Asthma, an intermittent disease, is the commonest lung disease in the UK. The second is chronic obstructive pulmonary disease (COPD). This lecture will consider trends and advances in these two diseases, and the chronic genetic lung disease cystic fibrosis.
Lung cancer is the second most common cancer in both men and women, but kills the most people through a combination of being common and currently having much less effective treatment. Both treatment and prevention are currently improving, slowly.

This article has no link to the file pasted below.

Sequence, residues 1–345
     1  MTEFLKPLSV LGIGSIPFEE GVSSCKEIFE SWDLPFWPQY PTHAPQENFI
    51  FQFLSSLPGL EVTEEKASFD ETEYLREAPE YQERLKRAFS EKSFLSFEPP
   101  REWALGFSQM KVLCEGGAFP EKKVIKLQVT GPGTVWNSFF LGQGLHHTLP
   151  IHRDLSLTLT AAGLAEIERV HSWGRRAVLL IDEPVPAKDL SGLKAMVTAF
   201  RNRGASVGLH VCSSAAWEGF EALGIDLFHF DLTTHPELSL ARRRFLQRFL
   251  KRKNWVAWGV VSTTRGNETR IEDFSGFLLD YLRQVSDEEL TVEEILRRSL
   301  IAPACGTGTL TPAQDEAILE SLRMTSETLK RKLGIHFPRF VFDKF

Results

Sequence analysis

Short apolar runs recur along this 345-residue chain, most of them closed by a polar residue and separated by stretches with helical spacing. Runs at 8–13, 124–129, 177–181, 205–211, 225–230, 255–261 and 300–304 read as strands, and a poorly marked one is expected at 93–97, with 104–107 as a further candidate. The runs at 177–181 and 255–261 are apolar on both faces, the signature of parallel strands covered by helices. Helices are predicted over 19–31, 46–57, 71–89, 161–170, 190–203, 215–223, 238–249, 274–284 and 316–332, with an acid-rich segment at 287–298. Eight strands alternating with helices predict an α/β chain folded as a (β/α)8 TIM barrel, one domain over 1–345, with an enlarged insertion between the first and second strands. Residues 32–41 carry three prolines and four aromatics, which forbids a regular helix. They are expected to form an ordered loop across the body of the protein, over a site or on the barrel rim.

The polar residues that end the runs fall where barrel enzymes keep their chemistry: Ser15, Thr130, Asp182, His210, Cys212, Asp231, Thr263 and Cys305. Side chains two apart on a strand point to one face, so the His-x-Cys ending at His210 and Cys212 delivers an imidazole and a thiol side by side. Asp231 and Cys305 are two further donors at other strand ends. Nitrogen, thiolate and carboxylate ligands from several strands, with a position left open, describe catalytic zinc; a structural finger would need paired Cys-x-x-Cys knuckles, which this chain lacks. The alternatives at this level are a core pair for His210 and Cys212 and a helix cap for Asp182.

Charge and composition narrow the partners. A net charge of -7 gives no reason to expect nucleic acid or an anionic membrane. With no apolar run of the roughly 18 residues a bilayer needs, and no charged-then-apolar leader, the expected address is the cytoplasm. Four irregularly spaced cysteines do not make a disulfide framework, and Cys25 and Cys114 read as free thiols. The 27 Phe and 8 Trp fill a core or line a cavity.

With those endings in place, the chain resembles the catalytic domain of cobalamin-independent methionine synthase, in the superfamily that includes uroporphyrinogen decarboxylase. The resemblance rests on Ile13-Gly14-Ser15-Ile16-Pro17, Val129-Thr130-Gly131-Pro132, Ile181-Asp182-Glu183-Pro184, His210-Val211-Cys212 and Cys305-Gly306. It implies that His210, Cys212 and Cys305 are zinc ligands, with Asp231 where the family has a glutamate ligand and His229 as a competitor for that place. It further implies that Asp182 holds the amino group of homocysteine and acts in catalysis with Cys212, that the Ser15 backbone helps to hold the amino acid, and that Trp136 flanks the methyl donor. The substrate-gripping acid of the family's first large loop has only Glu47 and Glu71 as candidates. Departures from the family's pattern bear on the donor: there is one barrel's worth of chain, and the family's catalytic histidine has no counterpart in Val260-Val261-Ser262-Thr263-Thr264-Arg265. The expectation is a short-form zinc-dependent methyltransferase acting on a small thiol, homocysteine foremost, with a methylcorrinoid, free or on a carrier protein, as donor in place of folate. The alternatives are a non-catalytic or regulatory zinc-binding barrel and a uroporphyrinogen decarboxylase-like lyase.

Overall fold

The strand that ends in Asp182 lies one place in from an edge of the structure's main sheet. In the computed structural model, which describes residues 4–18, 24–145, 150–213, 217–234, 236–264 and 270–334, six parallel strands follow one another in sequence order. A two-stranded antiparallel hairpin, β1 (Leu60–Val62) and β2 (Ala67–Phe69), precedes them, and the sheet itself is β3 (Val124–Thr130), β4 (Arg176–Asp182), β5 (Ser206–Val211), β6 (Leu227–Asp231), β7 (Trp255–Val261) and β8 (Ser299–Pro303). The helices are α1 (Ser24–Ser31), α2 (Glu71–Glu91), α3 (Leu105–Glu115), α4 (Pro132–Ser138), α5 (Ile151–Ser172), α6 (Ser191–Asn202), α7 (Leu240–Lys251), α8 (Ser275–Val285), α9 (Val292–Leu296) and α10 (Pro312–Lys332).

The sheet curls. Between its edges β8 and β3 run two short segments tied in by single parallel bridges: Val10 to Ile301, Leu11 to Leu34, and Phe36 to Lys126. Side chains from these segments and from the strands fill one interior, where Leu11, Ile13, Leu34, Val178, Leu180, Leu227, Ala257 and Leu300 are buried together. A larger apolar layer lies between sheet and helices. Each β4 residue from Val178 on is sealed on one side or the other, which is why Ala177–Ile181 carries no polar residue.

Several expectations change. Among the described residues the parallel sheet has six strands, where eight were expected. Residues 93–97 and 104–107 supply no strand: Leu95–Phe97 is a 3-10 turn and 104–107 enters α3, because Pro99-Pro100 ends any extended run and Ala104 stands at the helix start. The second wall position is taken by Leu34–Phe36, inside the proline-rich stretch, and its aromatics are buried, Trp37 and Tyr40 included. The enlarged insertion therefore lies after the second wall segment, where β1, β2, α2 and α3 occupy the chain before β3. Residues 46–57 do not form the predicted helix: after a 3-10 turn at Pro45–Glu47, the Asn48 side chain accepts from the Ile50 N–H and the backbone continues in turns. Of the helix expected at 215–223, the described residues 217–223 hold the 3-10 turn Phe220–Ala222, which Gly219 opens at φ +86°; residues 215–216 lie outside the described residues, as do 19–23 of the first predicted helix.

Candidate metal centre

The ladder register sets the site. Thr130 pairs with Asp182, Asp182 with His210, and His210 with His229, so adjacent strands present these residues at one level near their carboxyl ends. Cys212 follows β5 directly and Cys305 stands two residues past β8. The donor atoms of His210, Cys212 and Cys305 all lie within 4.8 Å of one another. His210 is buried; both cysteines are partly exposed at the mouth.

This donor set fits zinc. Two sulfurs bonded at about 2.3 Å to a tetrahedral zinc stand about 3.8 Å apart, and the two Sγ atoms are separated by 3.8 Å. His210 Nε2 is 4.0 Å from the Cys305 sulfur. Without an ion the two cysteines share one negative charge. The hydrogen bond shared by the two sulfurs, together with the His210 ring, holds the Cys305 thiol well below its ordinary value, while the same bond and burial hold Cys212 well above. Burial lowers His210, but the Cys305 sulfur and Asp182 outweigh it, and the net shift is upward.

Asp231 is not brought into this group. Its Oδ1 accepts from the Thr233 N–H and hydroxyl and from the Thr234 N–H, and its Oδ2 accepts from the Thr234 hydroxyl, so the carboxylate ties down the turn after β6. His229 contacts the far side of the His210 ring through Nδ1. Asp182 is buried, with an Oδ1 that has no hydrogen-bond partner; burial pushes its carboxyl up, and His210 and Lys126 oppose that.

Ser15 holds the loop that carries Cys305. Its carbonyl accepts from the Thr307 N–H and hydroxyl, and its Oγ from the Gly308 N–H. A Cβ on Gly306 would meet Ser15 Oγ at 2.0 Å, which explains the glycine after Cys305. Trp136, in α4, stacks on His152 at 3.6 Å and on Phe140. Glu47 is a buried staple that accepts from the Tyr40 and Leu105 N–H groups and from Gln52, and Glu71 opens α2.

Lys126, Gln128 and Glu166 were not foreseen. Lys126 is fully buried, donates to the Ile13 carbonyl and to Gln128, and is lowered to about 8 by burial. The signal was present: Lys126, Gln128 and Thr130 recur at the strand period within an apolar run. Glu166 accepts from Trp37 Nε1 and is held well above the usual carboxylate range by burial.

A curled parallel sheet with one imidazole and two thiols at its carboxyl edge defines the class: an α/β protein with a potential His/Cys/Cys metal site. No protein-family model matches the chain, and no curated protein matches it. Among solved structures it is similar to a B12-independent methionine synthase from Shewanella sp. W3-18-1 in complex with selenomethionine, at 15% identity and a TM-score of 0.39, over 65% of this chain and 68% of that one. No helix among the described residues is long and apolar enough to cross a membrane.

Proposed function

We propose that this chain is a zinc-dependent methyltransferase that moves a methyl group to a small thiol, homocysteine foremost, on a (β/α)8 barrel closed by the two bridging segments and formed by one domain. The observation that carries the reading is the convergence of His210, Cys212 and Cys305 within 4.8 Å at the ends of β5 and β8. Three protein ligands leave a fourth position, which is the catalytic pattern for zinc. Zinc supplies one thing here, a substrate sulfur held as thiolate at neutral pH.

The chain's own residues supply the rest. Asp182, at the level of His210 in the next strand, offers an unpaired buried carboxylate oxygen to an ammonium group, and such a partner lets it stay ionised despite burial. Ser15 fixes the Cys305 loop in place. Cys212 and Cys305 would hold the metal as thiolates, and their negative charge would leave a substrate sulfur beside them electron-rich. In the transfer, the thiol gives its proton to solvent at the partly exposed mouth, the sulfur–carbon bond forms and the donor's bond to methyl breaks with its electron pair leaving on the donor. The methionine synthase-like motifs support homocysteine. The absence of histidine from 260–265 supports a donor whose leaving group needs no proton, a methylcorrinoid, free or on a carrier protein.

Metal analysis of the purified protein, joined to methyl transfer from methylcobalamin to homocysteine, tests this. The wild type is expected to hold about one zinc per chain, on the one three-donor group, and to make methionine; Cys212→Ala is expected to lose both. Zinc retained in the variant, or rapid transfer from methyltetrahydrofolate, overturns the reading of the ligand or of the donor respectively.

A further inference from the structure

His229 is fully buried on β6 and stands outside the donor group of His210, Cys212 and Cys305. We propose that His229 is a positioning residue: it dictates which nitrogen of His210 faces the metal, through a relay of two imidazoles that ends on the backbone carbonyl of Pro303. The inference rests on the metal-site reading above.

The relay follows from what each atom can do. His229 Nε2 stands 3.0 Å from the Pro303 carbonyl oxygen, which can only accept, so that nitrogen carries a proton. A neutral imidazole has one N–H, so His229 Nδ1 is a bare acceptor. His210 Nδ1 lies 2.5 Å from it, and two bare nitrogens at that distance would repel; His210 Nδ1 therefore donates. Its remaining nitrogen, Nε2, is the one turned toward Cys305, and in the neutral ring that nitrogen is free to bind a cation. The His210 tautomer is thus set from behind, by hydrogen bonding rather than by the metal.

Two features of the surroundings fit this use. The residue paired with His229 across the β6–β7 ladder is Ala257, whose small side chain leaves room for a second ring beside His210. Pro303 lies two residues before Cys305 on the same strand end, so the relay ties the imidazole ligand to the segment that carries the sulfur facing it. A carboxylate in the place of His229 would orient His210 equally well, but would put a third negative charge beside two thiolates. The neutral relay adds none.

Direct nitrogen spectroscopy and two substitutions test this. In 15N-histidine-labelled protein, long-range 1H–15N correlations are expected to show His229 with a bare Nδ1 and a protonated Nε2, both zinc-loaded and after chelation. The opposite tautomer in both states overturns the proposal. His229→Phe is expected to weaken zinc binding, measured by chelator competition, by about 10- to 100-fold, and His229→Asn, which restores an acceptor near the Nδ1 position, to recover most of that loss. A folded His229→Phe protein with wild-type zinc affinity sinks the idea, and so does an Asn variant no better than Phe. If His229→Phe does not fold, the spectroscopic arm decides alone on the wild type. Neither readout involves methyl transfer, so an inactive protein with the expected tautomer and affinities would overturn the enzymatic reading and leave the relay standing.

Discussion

The most common cancer in men in the UK is prostate cancer, around a quarter of all male cancer diagnoses. Testicular cancer, the other male-specific cancer, is rare, but occurs early in life. Neither are preventable.
Different cancers offer differing hopes of prevention; from cervical or lung cancer (which are completely or largely preventable), to prostate cancer (for which there is no current strategy). What can be done, and what does the future hold?
The treatment of cancer has been transformed in the last two decades, and great improvements are expected over the next twenty years. Better genetic understanding and harnessing of the immune system are among the approaches which will make the difference.